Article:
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Alternative fuels in the Arab world: part 2

World Cement,


Read part 1 here.

Alternative fuels and renewable energy in the cement industry

Saudi Arabia

Under the patronage of HRH Prince Abdulaziz Ibn Salman, a ‘mandatory energy efficiency programme’ was developed to encourage the cement industry to reduce its use of fossil fuels and overall energy consumption. Currently, heavy fuel oil is supplied to the cement industry throughout the Kingdom at around US$35/t. These energy efficiency efforts are supported by the Kingdom’s largest oil and gas company, Saudi Aramco, which produced an average of 11.4 million bpd of crude oil in 2014. Currently, one third of its overall energy production is consumed in the Kingdom, and it is estimated that by 2020 around 60% of overall energy production will be required to fulfill the local demand.

Renewable energy projects

Saudi cement manufacturers have already announced a number of renewable energy projects to reduce fossil fuel consumption and their dependence on Saudi Aramco’s fuel supplies. Aramco’s current fuel allocation situation would force these companies to use alternative fuels, as recently announced by Arabian Cement and City Cement Company. In 2014, the Ministry of Petroleum reduced the fuel supply for new production lines at Qassim Cement, Eastern Cement, Arabian Cement and City Cement.

City Cement has announced that it intends to invest US$6.7 million in a waste heat recovery project, following Najran Cement’s US$45 million investment in 2014. Yanbu Cement was forced to shut down operations at its plant in 2011 due to fuel supply shortages from Aramco. These shortages are forcing cement producers throughout the country to begin investing in alternative fuel projects.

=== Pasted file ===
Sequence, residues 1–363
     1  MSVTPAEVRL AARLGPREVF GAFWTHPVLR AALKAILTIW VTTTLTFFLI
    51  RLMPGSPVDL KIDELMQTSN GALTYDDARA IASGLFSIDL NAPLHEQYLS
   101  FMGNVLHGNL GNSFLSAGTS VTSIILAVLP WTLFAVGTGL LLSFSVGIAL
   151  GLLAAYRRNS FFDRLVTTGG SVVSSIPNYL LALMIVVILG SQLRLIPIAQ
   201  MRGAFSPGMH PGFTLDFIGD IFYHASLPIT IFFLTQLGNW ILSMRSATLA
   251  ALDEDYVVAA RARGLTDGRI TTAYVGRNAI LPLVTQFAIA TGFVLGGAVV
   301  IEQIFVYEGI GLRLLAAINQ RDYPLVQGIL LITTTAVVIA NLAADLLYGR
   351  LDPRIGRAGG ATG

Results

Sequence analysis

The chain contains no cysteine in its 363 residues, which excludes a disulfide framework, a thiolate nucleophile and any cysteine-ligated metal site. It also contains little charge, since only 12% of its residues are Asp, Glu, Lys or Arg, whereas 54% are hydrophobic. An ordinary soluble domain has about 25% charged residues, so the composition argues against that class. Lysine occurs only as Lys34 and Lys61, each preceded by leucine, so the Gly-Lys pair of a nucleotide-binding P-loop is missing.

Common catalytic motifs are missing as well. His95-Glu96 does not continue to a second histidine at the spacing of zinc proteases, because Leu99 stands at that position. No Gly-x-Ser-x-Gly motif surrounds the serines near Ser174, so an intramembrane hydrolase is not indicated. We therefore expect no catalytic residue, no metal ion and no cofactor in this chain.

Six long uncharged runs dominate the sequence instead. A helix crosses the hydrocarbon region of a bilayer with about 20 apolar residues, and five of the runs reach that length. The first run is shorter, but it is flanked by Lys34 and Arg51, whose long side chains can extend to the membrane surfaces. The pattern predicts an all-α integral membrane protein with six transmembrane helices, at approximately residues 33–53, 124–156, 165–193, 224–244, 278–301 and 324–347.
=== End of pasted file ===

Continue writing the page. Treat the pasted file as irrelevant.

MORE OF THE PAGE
Meanwhile, the growing demand for cement in Saudi Arabia over the last few years has encouraged companies to expand operations in order to stay competitive and meet market requirements. The Saudi cement sector is expected to add approximately 23 million t of capacity over the next three years to meet this rise in domestic demand. The majority of capacity expansions are likely to enter the market in 2015.2

Egypt

Since July 2014, natural gas prices have increased by 30 – 70% for a range of industries in Egypt. Electricity prices have also risen, with a view to phasing the subsidy out completely over the next five years, according to an official announcement.3

Ashraf al Arabi, Egypt’s Minister of Planning, was quoted in the Shorouk Daily on 5 July 2014 as stating: “In five years, fuel will be offered at 80% of its real cost to sections of the population that are deemed to need subsidies; the rest will pay market prices.” The increases are intended to lead to savings of some US$6 billion in 2014, bringing down the fuel subsidy bill to US$14 billion, or 13% of state spending, according to the Financial Times.

Such announcements, accompanied by fuel shortages and stoppages, have forced the Egyptian cement industry to begin developing its use of renewable energies, such as wind and photovoltaic energy, and to increase its use of alternative fuels, such as biomass-derived fuels (agricultural waste: rice husks, rice straw, cotton stalks, etc.) and waste-derived fuels.